From the Journals

Once-weekly teriparatide still achieves bone mineral density gains



Once-weekly subcutaneous injections of the osteoporosis drug teriparatide still achieve increases in bone mineral density, according to a postmarketing observational study published online in Osteoporosis and Sarcopenia.

Teriparatide is widely used as a daily, self-injection formula for osteoporosis, but in Japan, a once-weekly injectable formulation of 56.5 ug is also being used in individuals with osteoporosis who are at high risk of fracture.

In a study of 3,573 Japanese patients with osteoporosis, investigators found increases of 2.8%, 4.9%, and 6.1% in lumbar spine bone mineral density measured at 24, 48, and 72 weeks respectively. In the femoral neck, bone mineral density increased by 1.6%, 1.4%, and 2.5% at 24, 48, and 72 weeks, and total hip bone mineral density increased by 1%, 1.6%, and 2.5%.

At 24 weeks, the median percent change from baseline in the level of serum bone formation marker procollagen type I N-terminal propeptide increased 23%, and then decreased to a 4.3% median change at 48 weeks and 8.7% at 72 weeks. There were no significant changes in serum bone-type alkaline phosphatase by 48 and 72 weeks, and no changes at all in the bone turnover markers tartrate-resistant acid phosphate-5b and cross-linked N-terminal telopeptide of type I collagen.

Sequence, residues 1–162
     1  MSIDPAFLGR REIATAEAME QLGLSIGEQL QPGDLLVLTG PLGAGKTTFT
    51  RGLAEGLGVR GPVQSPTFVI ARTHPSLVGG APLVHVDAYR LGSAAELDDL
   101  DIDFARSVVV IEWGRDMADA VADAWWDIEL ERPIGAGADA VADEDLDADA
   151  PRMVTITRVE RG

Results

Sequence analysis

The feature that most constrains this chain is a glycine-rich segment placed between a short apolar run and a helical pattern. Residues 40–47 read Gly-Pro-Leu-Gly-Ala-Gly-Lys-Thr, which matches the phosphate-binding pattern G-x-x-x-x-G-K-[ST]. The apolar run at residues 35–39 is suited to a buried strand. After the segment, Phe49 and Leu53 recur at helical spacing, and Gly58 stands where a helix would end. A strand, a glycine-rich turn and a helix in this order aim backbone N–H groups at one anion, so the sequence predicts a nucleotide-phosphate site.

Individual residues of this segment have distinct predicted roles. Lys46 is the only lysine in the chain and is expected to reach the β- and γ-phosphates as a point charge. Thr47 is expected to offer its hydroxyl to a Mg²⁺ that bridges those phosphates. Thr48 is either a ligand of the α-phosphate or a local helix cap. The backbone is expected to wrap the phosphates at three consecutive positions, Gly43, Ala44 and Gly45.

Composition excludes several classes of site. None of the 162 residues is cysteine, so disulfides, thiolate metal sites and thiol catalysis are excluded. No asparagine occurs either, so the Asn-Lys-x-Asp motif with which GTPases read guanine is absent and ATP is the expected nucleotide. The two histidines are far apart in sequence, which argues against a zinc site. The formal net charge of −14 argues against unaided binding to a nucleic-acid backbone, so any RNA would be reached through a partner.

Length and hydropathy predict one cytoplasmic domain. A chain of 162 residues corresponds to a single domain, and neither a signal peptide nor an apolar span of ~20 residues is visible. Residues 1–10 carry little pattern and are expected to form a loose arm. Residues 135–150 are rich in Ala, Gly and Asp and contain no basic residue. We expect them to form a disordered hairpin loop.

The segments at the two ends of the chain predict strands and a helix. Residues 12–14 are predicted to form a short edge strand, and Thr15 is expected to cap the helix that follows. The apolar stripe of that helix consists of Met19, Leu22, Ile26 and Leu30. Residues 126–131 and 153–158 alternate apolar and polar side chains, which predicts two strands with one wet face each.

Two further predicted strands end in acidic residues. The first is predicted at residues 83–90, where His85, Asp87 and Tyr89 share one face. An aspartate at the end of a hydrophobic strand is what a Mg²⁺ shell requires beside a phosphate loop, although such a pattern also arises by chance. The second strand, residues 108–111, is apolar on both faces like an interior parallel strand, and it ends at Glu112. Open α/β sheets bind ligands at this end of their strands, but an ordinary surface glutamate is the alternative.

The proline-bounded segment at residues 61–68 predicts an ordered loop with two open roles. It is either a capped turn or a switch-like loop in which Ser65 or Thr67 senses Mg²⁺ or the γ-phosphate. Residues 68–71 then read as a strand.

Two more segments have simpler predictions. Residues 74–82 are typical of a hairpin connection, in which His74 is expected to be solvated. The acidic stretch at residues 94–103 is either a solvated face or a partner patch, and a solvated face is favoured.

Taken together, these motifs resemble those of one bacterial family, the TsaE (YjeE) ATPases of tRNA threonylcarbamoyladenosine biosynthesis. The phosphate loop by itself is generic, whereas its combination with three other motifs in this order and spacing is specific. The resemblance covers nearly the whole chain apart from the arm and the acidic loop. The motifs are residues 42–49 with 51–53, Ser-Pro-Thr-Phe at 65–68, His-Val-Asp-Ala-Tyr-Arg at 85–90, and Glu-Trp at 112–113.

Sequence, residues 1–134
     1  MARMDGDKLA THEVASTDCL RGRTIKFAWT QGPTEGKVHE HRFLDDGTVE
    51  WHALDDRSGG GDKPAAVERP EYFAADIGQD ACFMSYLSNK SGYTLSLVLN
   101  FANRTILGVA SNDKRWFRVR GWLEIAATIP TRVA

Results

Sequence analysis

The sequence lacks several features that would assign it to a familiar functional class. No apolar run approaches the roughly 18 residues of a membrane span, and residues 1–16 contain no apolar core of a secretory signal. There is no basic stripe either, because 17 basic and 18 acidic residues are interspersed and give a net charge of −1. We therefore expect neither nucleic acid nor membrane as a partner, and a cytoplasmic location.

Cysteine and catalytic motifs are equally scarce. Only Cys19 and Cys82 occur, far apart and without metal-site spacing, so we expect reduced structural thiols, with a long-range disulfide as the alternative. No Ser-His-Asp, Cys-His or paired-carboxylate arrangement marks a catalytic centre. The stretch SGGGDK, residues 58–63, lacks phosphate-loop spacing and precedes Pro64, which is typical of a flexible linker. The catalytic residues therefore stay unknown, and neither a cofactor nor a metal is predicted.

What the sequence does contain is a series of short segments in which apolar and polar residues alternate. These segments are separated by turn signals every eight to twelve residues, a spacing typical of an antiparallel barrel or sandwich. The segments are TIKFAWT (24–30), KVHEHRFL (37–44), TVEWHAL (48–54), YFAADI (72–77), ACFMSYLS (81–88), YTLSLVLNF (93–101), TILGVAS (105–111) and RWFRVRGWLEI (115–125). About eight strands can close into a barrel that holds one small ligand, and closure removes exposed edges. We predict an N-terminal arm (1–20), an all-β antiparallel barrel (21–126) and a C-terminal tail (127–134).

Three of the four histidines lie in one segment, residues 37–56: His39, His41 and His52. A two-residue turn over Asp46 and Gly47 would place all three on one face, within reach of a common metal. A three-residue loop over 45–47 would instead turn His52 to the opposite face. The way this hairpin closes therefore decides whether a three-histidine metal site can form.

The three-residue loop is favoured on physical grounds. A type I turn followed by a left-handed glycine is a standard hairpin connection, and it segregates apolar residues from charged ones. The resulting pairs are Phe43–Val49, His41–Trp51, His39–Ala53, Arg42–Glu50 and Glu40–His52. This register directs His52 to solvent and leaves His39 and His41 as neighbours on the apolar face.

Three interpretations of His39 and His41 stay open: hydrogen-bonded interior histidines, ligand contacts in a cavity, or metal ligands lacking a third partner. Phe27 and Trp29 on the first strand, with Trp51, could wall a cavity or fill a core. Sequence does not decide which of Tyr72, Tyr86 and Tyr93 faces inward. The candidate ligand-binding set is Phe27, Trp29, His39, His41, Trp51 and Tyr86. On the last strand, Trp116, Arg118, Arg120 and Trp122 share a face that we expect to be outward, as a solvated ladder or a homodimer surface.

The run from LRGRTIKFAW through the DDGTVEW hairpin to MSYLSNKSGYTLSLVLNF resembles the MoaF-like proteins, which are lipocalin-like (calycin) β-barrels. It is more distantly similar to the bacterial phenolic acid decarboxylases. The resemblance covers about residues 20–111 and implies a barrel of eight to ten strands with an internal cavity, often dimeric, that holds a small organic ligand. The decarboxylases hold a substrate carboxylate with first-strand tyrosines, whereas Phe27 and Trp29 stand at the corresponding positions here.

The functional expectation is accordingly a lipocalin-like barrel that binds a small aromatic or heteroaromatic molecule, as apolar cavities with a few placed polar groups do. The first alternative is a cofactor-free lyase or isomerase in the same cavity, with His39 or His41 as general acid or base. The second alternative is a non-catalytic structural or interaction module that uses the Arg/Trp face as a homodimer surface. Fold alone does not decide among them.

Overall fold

Researchers also saw reductions in low back pain scores at all the time points, although the authors noted that the mechanism of this association was not well understood and needed further study.

“The results for efficacy parameters, including fracture incidences, in this surveillance were as expected based on the clinical studies prior to approval, indicating that the medical benefits of teriparatide were demonstrated in actual clinical practice after marketing,” wrote Dr. Emiko Ifuku and colleagues from Asahi Kasei Pharma, which manufactures the drug in Japan.

The study also looked at adherence to the once-weekly therapy, and found that 59.4% of patients were still taking the treatment at 24 weeks, and 39% were taking it at 72 weeks.

Around a quarter of patients experienced adverse reactions, with the most common being nausea (12.3%), vomiting (2.8%), headache (2.7%), and dizziness (2.2%) and most occurring within 24 weeks of starting treatment. Serious adverse reactions were reported in 26 patients (0.7%).

Asahi Kasei Pharma sponsored the study. All of the authors were employees of the company.

SOURCE: Ifuku E et al. Osteoporos Sarcopenia. 2019 Jun 26. doi: 10.1016/j.afos.2019.06.002.

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